By Nancy Macdonald and Gabriela Perdomo - Wednesday, August 8, 2012 - 0 Comments
Havana is at the same time attracting and terrifying entrepreneurs
Until this spring, Stephen Purvis had it all. The British architect, who’d helped launch the Saratoga, Cuba’s poshest hotel, was one of the more prominent figures in Havana’s business community. As chief operating officer of Coral Capital, one of Cuba’s biggest private investors, he was overseeing a planned $500-million resort in the sleepy fishing village of Guanabo. The Bellomonte resort, which would allow foreigners to buy Cuban property for the first time, was part of Havana’s ambitious, multi-billion-dollar plan to attract high-end tourists and badly needed foreign exchange. Everything he touched seemed to turn to gold. The musical Purvis produced in his spare time, Havana Rakatan, had a run at the Sydney Opera House last year before moving on to London’s West End. But in April, the 51-year-old was arrested on suspicion of corruption as he prepared to walk his kids to school in Havana.
Purvis’s arrest could have been anticipated. Coral Capital’s British-born CEO, Amado Fakhre, has been held without charges ever since his arrest in a dawn raid last fall. The investment firm is being liquidated, and both men have faced questioning at Villa Marista, Cuba’s notorious counter-intelligence headquarters. They are not alone. Since last summer, dozens of senior Cuban managers and foreign executives, including two Canadians, have been jailed in an investigation that has shocked and terrified foreigners who do business in the country.
Since replacing his brother Fidel as president in 2008, Raúl Castro has painted himself as a reformer, and Cuba as a place where foreign businesses can thrive. Over the last year, he has relaxed property rights, expanded land leases and licensed a broad, if random, list of businesses—everything from pizza joints to private gyms. And he’s endorsed joint venture golf courses, marinas and new manufacturing projects. Canadians are chief among those heeding Raúl’s call to do business with Havana. Hundreds have expressed interest in the Cuban market in the last year alone, according to Canada’s Trade Commissioner Service. Flattering reports in Canadian media have praised Raúl’s efforts. Yet they seem to overlook troubling signs that Cuba appears to be moving backwards.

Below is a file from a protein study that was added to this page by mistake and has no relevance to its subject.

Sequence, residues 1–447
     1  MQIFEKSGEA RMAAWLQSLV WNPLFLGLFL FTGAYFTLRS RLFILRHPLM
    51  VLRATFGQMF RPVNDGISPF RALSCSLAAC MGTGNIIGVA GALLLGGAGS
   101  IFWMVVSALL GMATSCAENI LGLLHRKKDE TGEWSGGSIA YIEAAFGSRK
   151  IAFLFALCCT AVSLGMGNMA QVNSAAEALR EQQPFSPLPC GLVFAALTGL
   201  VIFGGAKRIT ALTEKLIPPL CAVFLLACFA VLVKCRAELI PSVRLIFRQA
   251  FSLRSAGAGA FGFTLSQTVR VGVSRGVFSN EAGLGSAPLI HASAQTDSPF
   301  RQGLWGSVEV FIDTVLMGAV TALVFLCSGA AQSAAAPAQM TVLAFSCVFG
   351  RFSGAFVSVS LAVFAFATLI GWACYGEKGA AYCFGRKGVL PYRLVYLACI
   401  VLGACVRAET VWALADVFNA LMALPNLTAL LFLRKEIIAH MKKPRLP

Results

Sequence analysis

By Jeff Harris - Monday, December 17, 2007 at 5:23 PM - 0 Comments
Retro theatres, vintage cars, and a total lack of American paparazzi — it’s long…
Retro theatres, vintage cars, and a total lack of American paparazzi — it’s long way from the over-hyped Hollywood film festivals you’re used to seeing in the rest of the world. The Havana Film Festival enticed only one major film star (Gael García Bernal), but still had plenty of charm as it celebrated its 29th year.